WASHINGTON, D.C. Congresswoman Nancy Johnson today (July 24,2003) introduced the “National Health Information Infrastructure Act of 2003” a measure to dramatically improve health care quality by revolutionizing how providers use clinical information to treat patients.
“The information systems that securely give you 24/7 access to your bank account can be adapted to transform American health care into a 21st Century system,” said Johnson, Chairman of the House Ways and Means Health Subcommittee.
“Development of such a system is being impeded by the lack of comprehensive architectural standards to assure interoperability,” Johnson continued. “No provider wants to invest in an IBM for fear others will invest in a Mac. All systems must be able to communicate with each other. Within that framework, a health information technology infrastructure can develop and medicine can advance to the next level of quality care.”
I would like to ask everyone in the open source healthcare community to make comments here that can be collected and pointed to for reference.
If done correctly the NHII will be wonderful. But if we adopt the attitude in the US that we can build this without reference to the work already done worldwide then this effort will likely end up in the failure bin with the other large healthcare IT efforts.
One thing for certain, it cannot be accomplished without using “truely” open and collaborative processes. The EHR Collaborative (previously reported here) is certainly a step in the right direction.
My 2.5 cents……………..
Dr Rusty Maynard has spent the past several weeks grinding out a RFC document that really analyzes TORCH’s prescription engine. The document is applicable to all EMR/EHR applications and we therefore hope to get participation from all open source projects.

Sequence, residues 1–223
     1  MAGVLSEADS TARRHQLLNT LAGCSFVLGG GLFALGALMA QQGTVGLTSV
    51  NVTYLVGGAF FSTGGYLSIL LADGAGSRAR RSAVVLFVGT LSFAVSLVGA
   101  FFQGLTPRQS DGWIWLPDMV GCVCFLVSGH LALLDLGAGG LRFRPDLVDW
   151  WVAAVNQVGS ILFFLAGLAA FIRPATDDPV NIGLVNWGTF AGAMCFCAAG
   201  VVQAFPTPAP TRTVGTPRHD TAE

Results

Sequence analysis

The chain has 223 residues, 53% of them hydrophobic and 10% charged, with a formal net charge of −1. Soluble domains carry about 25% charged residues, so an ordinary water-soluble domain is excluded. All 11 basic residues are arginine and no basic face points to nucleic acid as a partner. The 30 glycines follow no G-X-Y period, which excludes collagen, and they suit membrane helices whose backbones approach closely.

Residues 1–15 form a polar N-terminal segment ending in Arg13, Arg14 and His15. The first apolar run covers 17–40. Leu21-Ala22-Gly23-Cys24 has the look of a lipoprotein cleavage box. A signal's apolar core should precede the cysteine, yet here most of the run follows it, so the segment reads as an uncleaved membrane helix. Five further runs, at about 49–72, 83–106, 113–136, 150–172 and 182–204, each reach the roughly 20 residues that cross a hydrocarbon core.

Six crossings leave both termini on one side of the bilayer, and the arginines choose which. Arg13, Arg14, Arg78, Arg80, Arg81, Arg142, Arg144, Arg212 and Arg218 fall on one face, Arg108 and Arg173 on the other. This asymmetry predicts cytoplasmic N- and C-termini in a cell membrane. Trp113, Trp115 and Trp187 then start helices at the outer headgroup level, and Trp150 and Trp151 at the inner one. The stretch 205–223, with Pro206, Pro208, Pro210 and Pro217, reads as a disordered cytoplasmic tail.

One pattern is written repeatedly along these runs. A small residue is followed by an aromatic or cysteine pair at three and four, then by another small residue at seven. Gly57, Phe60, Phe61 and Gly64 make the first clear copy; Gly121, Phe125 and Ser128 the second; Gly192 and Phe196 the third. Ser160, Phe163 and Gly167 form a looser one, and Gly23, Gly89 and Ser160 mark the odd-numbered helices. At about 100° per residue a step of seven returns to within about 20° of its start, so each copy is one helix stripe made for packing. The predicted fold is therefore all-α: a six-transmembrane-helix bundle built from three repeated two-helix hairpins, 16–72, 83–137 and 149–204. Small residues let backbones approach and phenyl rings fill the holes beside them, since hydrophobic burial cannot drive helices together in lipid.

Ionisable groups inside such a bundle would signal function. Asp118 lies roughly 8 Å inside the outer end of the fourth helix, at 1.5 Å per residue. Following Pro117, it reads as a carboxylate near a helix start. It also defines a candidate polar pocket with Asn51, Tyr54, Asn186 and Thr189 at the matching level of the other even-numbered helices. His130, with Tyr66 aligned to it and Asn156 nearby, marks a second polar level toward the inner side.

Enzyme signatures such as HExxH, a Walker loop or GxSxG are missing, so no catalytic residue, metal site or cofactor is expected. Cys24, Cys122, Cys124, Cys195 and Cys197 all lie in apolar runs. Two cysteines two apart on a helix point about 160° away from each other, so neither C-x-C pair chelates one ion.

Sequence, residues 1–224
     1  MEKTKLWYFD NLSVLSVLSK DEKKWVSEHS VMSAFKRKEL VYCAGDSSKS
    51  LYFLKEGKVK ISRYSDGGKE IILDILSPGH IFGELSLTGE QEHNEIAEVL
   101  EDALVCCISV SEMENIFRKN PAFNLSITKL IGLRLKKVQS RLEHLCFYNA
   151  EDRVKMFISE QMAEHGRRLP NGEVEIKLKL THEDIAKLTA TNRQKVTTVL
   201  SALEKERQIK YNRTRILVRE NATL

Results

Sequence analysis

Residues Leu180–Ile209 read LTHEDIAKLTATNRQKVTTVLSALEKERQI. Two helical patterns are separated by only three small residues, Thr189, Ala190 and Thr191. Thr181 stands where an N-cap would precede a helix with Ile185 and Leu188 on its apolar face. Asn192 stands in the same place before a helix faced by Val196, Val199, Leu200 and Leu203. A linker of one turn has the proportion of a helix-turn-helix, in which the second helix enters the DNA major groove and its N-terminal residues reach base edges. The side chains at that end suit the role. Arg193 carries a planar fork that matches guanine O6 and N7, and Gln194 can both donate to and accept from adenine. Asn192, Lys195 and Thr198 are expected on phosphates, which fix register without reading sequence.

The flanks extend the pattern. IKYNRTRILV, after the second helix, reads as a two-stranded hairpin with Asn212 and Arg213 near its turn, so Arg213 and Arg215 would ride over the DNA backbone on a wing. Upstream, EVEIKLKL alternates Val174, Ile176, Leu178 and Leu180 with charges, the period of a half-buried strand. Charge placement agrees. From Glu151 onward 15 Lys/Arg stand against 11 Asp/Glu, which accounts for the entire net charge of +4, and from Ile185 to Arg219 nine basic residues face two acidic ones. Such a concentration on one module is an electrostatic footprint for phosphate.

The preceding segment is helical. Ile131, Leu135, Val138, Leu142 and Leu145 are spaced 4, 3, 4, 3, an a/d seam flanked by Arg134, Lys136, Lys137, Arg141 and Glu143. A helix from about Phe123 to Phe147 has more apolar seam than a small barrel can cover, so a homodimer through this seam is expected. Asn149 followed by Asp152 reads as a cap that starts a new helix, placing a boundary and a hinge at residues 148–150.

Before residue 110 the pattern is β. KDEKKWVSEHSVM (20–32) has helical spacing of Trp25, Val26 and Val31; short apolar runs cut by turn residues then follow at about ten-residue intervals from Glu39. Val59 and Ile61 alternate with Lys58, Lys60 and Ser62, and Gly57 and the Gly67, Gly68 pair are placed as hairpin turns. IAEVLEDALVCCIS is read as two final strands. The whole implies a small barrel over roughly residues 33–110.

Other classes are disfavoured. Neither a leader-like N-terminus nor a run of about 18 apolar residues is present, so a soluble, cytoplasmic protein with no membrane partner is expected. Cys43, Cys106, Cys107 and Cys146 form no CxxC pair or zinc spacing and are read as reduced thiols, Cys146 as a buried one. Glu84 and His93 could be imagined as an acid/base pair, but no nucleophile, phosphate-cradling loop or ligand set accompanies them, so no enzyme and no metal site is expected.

Your participation will help shape TORCH and likely other open source healthcare applications in the future.
Here is his post to the mailing list.
According to Reuters, IBM has achieved Common Criteria security certification for SuSE Linux: …they received the highest level of security evaluation used by governments when deciding to use software in their organizations. Linux, running on IBM computers using Intel Corp.’s (Nasdaq:INTC – news) chips, received the Common Criteria certification, a global standard for security features and capabilities of information technology products..’ Thanks to slashdot.org for this link.
Ocean Informatics is announcing its specification for an Archetype Definition language (ADL). What is it good for? Short version: ‘future-proof information systems can be built’ with it which is handy in medicine. ‘…ADL provides all the syntax for describing constraints on any domain entity whose data is persisted in objects described by an information model (e.g. expressed in UML/OCL). It is primarily useful when generic information models are used for representing all data in a system, for example, where the logical concepts PATIENT, DOCTOR and HOSPITAL might all be represented using the class PARTY, ADDRESS, and related generic classes. Archetypes are then used to constrain the valid structures of instances of these generic classes to represent the desired domain concepts. In this way future-proof information systems can be built – relatively simple information models and database schemas can be defined, and archetypes supply the specific modelling, completely outside the software…